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Palmer: solution to Puerto Rico crisis is fighting crony capitalism

U.S. Rep. Gary Palmer (R-AL6) being interviewed by The Daily Caller Sunday Jan 11, 2015.
U.S. Rep. Gary Palmer (R-AL6) being interviewed by The Daily Caller Sunday Jan 11, 2015.

WASHINGTON, D.C. — The U.S. Territory of Puerto Rico is currently engulfed in a debt crisis that has some politicians on Capitol Hill calling for a bailout. However, Congressman Gary Palmer has a much different idea about how to best help the Puerto Ricans: free them from the crony capitalism that holds them back.

“We do need to act, but in a way that frees Puerto Rico from economy stifling regulations to the maximum extent possible to allow them to rebuild their economy,” Palmer said.

His proposal, which he packaged into an amendment to the Puerto Rico Oversight, Management, and Economic Stability Act (PROMESA), would exempt the island from the Jones Act.

The Jones Act, which is formally known as the Merchant Marine Act of 1920, requires vessels transporting goods within the United States to be U.S.-built, U.S.-owned, and at least 75 percent U.S.-crewed. According to a report at The Daily Signal:

The intent of the coastwise laws, including the Jones Act, was to protect U.S. shipping interests. The coastwise laws are highly protectionist provisions that are intended to create a ‘coastwise monopoly’ in order to protect and develop the American merchant marine, shipbuilding, etc.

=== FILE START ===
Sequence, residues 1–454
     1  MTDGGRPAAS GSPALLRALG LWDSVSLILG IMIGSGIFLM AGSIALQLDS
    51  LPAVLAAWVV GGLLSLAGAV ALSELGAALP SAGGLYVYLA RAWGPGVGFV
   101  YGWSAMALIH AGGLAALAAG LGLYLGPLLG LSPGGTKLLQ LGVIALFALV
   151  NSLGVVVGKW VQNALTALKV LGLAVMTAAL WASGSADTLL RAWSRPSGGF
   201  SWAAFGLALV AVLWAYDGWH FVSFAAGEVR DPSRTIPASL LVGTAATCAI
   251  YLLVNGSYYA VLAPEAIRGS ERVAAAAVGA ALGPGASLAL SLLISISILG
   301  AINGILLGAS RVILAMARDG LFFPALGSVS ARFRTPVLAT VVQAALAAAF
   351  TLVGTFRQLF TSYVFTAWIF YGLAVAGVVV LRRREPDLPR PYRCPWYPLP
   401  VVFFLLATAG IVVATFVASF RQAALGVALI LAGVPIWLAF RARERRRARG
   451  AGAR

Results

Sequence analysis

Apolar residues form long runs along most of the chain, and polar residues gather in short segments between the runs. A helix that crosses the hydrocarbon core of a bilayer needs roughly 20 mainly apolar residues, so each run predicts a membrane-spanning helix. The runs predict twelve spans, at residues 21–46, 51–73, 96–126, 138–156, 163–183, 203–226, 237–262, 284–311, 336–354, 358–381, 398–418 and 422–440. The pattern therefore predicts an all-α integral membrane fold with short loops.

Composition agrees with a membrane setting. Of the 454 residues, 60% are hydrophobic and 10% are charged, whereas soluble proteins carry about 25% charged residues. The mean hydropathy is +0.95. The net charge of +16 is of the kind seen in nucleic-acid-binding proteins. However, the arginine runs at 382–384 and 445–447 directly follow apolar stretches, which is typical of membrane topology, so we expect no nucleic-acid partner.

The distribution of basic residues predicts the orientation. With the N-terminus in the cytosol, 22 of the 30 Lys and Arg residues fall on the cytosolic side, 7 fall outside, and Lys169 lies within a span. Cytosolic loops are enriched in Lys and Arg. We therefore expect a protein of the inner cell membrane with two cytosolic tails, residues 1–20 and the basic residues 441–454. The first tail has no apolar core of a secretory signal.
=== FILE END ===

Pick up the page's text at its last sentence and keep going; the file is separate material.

“The Jones Act exemption helps Puerto Rico, a U.S. territory with limited access to cheaper transportation such as trains or trucks, by reducing prices for goods transported by water,” Palmer said. “Two Puerto Rican economists found that from 1991-2010, the Jones Act cost Puerto Rican residents $16.4 billion. For example a vehicle costs $6,000 more in Puerto Rico than on the mainland, and food is twice as expensive as in Florida.”

Palmer’s assessment is one that has the backing of many economic heavy hitters. Studies by the World Economic Forum and the Federal Reserve Bank of New York have concluded that the Jones Act severely hinders economic development in Puerto Rico.

Exemption from the Jones Act has been a solution that has worked well for U.S. territories in the past. In 1992, the U.S. Virgin Islands were exempted and today shipping costs from the mainland are nearly half that of Puerto Rico.

Jones Act exemption would also lower the energy and manufacturing costs on the island. Puerto Rico’s power companies would be able to replace more expensive foreign-sourced oil with cheaper, cleaner, U.S.-sourced natural gas. Additionally, manufacturers in Puerto Rico would no longer be at a cost disadvantage to competitors Asia and other Latin American countries when shipping goods to the U.S.

“Relief from the Jones Act would allow the cost of living in Puerto Rico to decline, allowing residents to stretch their wages further than before,” Palmer said in a press release. “If Congress wants to help Puerto Rico we must provide them with opportunities to better their economy and lower their cost of living, not bail them out without any forward thinking solutions.”

In other words, Palmer is saying that competition works. He believes it is time for Puerto Rico to give that idea a try, instead of the cronyist policies that have clearly failed.
(h/t The Daily Signal)